PhD fellow, James Maguire, recently had a chapter published in the book ‘Gambling Debt: Iceland’s Rise and Fall in the Global Economy’. Following is his introduction to this chapter.
In the decade preceding the financial crisis of 2008, the Icelandic economy became thoroughly immersed within the global currents of transnational capital. Being hailed as the new financial Mecca of Northern Europe, the economy was marked by a glut of cheap credit and escalating private debt. However, despite a series of international warnings highlighting the banking sector’s overly leveraged position and the relative inability of such a small island state to underwrite such debts, the situation came to a head in October 2008 with the collapse of the country’s three main banks and a subsequent International Monetary Fund (IMF) intervention. Like the proverbial canary in the coalmine, Iceland’s financial crisis presaged what was to follow in other European countries, as the complexities and consequences of new ‘financial economies’ continue to unfold.
During the pre-crisis period the fishing industry, along with the banking and energy sectors, became bound up within a constellation of neo liberal policies and practices in which the rush to privatization became the dominant motif. Historically, fish have been both an economic fundament and a source of socio-political tension in Iceland, and the recent crisis has only exacerbated these tendencies. Fish have been central actants in the development of regional communities over the last one hundred and fifty years in which towns have come and gone relative to the presence or absence of these aquatic resources.
This traditional relationship, whereby the destiny of people and towns is tightly aligned with the movement of fish in nearby waters, has seen a subtle transformation over the last two decades. Instead of following fleshy fish swimming in nearby seas, people have ever increasingly been following virtual fish; ones that have been taken out of the sea and brought to life in exchanges and electronic marketplaces and upon which extraordinary sums of money can and have been raised.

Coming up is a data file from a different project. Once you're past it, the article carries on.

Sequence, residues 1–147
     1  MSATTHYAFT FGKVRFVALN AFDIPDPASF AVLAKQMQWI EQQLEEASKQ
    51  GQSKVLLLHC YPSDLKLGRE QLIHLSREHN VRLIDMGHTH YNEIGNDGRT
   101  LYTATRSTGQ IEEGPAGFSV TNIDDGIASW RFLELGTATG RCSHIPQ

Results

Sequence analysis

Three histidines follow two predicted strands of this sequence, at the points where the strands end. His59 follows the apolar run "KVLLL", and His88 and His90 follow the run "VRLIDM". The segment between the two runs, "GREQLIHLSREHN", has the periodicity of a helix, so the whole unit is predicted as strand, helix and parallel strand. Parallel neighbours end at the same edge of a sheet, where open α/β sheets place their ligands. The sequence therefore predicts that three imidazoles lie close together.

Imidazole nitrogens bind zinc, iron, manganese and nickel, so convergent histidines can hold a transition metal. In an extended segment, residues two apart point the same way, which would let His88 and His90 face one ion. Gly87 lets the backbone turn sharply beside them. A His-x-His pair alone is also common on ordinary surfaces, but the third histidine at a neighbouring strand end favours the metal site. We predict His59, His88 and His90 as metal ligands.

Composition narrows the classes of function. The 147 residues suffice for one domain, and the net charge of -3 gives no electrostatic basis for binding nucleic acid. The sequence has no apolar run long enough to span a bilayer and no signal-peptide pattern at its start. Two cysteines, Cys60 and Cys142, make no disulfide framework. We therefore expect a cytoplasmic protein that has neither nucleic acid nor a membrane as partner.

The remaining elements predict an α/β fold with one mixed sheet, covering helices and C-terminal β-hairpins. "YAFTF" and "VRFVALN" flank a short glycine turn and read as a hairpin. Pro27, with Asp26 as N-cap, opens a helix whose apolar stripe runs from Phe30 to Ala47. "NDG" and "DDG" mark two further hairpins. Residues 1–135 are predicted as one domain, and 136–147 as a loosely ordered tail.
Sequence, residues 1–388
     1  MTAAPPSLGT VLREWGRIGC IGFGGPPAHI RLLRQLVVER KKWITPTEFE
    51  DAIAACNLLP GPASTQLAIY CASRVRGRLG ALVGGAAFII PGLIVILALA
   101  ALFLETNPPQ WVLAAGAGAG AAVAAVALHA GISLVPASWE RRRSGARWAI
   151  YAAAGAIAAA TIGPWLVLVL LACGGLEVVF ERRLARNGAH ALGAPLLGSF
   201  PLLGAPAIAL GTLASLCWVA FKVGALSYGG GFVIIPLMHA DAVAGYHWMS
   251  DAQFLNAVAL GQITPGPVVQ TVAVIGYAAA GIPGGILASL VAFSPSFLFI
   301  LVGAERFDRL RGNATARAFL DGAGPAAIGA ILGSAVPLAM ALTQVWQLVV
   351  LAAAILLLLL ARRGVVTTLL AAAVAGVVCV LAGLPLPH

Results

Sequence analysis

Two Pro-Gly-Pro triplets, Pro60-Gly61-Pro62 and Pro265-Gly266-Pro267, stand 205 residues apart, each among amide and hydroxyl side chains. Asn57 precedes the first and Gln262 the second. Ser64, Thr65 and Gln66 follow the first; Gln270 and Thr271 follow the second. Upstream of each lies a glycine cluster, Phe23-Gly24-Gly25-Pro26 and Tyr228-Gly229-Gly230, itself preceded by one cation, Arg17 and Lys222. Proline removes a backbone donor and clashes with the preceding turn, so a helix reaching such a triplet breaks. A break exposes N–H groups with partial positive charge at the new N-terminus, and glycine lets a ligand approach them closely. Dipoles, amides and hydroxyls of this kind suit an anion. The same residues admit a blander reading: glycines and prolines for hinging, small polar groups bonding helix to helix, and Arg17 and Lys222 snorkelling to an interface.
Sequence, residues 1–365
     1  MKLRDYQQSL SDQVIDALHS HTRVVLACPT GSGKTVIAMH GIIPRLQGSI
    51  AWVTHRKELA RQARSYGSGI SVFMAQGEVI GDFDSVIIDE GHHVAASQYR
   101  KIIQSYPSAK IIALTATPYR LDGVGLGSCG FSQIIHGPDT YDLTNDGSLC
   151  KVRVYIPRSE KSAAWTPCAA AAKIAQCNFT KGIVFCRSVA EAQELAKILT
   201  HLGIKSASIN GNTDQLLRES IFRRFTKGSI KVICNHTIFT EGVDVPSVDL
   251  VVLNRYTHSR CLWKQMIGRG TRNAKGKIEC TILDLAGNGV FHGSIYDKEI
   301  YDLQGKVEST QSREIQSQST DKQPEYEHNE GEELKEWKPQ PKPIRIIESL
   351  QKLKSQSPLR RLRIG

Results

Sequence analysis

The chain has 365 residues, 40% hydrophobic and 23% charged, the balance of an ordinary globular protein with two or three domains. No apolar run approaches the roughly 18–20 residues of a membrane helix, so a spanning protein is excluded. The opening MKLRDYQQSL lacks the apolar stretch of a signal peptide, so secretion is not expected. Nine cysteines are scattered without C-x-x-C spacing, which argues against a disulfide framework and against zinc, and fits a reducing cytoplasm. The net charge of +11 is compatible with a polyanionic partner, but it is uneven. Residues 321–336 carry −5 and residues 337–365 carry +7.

Based on ethnographic fieldwork carried out in the West Fjords of Iceland in 2010, this paper shows how the virtual fish emerged at a particular conjuncture in the life of the Icelandic nation, one in which the processes and practices of a new ‘financial economy’ were underway.
However, while the emergence of such a fish cannot be pinned down to a specific causal trajectory, I argue that the practices of fisheries science, fisheries legislation and finance capital intersected with, or were enfolded into, one another in such a way as to enable the virtual fish to continue to sustain itself. In leaving the seas, the virtual fish entered the lives of Icelanders at a spatio-temporal scale very much different to that of the ordinary fleshy fish. Although neither fish (virtual and fleshy) makes a greater ontological claim, they both have, as I will show, different ‘modes of existence’.
Read the blurb of the book here